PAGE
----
16 Jack Bouchard September 14, 2010 at 5:53 pm

I liked the way he distinguished fighting from the senseless violence that we often call fighting. There is nothing wrong with two people agreeing to square off and bloody each other up for a couple of rounds, especially when you look at the kind of savagery that happens in street fights. I can see how some would miss the difference (I mean, you’re still hitting each other and trying to cause the other person pain) but it’s a completely different dynamic.

“Mastery of the Art comes when the tiger is seen, but the dragon prevails.” -Ed Parker

17 Charles Hackney September 14, 2010 at 6:26 pm


“At our church the other day, one of the leaders pretty much denounced modern cage fighting as senseless violence.”

That probably means that the leader had been reading this:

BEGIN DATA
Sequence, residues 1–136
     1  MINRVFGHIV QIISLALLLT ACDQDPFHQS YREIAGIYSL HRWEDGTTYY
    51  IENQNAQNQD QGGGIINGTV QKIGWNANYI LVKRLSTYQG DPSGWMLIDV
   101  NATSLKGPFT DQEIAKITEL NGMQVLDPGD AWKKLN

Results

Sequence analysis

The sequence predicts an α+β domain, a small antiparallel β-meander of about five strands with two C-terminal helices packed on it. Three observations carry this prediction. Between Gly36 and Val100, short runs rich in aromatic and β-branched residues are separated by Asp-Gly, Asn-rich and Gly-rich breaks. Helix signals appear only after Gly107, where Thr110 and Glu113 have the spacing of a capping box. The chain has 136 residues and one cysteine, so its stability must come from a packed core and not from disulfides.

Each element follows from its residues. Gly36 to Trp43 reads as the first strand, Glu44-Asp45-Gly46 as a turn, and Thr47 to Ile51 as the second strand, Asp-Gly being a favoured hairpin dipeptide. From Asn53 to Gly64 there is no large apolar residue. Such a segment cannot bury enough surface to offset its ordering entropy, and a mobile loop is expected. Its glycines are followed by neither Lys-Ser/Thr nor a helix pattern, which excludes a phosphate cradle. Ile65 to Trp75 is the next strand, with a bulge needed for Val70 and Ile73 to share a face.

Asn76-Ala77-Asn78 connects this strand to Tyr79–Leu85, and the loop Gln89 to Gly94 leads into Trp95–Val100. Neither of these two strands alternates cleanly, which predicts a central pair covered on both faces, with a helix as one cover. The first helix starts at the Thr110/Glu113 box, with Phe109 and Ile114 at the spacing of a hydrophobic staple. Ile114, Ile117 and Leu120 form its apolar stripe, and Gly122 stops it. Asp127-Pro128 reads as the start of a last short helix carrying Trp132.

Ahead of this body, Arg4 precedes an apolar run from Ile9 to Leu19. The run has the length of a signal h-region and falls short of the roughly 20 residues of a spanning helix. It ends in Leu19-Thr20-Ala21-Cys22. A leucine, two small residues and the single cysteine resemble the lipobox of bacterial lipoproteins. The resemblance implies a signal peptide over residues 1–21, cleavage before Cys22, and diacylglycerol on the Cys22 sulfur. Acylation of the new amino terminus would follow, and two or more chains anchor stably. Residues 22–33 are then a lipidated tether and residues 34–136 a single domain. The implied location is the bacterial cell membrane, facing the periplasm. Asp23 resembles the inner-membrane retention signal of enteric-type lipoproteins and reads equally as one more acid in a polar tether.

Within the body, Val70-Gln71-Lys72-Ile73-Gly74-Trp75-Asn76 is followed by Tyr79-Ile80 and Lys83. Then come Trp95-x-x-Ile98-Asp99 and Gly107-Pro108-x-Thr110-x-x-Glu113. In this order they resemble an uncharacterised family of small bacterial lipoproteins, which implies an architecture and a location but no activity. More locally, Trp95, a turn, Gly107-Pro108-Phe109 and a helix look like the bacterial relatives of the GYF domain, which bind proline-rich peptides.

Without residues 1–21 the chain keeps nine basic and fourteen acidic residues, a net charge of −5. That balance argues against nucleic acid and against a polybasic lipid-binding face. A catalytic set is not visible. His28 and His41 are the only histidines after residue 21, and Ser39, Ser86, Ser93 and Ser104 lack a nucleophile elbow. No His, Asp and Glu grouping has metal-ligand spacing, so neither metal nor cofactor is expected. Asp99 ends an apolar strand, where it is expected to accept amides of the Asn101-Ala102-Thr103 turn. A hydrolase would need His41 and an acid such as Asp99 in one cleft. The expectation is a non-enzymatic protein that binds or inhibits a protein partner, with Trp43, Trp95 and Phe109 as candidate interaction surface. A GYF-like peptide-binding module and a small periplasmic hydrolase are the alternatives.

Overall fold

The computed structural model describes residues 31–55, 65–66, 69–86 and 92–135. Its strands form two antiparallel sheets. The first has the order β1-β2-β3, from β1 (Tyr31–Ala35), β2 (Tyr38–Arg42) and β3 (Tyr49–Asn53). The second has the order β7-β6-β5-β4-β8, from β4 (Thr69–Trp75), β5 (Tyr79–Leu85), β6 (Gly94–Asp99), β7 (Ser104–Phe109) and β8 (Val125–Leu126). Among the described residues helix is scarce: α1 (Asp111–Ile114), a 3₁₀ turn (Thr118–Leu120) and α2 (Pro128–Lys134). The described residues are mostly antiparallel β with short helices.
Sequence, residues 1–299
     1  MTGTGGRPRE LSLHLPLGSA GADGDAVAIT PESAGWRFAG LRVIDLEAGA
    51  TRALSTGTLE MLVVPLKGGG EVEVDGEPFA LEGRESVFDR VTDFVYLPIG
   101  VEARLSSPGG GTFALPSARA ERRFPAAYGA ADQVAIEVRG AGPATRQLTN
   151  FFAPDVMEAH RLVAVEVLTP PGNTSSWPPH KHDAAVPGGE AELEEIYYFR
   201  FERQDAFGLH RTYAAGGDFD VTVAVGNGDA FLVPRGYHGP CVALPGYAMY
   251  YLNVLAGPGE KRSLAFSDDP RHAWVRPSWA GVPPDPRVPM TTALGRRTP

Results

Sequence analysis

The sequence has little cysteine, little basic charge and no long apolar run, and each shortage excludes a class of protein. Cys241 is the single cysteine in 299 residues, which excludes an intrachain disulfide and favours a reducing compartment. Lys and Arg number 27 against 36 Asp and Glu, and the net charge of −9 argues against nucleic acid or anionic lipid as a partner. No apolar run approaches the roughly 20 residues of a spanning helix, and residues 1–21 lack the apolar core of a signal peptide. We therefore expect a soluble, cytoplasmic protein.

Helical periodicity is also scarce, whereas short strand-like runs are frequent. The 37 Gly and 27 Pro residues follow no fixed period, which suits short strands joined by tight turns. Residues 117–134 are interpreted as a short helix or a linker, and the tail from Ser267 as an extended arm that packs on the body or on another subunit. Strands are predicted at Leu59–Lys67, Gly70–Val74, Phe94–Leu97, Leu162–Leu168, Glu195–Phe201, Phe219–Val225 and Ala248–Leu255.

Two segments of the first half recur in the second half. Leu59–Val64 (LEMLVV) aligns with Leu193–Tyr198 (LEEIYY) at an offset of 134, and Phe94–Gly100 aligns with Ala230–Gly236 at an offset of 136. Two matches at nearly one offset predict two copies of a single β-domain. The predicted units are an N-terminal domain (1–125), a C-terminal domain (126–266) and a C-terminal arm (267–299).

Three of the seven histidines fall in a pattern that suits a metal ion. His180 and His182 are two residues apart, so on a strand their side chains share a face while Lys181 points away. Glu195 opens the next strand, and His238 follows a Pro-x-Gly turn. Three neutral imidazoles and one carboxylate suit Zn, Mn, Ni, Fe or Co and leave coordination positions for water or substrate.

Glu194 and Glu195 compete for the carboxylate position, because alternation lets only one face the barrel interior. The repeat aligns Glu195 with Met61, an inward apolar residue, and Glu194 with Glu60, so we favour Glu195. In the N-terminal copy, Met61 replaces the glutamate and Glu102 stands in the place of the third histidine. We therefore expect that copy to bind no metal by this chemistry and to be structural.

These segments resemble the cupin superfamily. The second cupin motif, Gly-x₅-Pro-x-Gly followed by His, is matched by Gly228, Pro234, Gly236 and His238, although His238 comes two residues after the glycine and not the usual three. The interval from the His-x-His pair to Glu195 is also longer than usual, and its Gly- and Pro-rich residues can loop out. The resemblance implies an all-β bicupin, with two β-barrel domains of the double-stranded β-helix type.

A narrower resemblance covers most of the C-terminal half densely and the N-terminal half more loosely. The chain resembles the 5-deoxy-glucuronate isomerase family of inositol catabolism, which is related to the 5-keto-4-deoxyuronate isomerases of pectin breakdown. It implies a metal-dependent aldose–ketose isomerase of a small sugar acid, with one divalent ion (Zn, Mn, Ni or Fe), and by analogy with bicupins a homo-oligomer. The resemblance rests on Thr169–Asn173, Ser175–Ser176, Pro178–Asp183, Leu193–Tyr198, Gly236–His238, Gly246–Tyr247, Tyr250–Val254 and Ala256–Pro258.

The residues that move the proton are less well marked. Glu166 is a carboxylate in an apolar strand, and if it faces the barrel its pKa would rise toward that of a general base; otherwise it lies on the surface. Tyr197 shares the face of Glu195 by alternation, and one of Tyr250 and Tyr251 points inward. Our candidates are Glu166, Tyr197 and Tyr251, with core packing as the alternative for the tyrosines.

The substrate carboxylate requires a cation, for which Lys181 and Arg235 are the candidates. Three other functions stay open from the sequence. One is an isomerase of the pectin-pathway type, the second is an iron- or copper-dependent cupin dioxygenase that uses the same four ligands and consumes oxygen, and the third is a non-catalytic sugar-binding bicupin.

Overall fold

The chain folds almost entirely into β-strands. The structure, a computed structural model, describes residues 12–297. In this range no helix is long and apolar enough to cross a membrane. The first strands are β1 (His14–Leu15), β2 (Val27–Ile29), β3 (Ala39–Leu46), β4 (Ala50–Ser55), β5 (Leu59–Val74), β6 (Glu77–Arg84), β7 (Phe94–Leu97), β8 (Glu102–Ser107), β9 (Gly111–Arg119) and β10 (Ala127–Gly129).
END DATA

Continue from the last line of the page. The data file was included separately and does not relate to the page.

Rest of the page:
This pastor has a differing perspective:

18 Pastor Mack September 14, 2010 at 8:14 pm


Thanks for reading my post. I hope you enjoyed it. If a Christian wishes to have issues with cage fighting on Christian grounds, then there are many more sports that would not hold up to scrutiny also. I think many, especially older folks, are just generally uncomfortable with mma because of a lack of exposure and knowledge.


19 Derek Bonta September 14, 2010 at 8:50 pm

Mr. Sheridan has certainly led a strenuous life thus far – good on em.
As an aspiring writer I have always been amazed at how great authors also seem to live exciting and heroic lives. I have read nothing from Sam yet so I’m not sure if that applies, can’t wait to though, sounds pretty cool.

“I have just been shot, but it takes more
than that to kill a bull moose!” – Theodore Roosevelt

20 Jacob September 14, 2010 at 8:57 pm

Just found the site. Great stuff guys! Thanks for great content to enjoy.

21 Mohammed Al-Busaidi September 15, 2010 at 3:26 am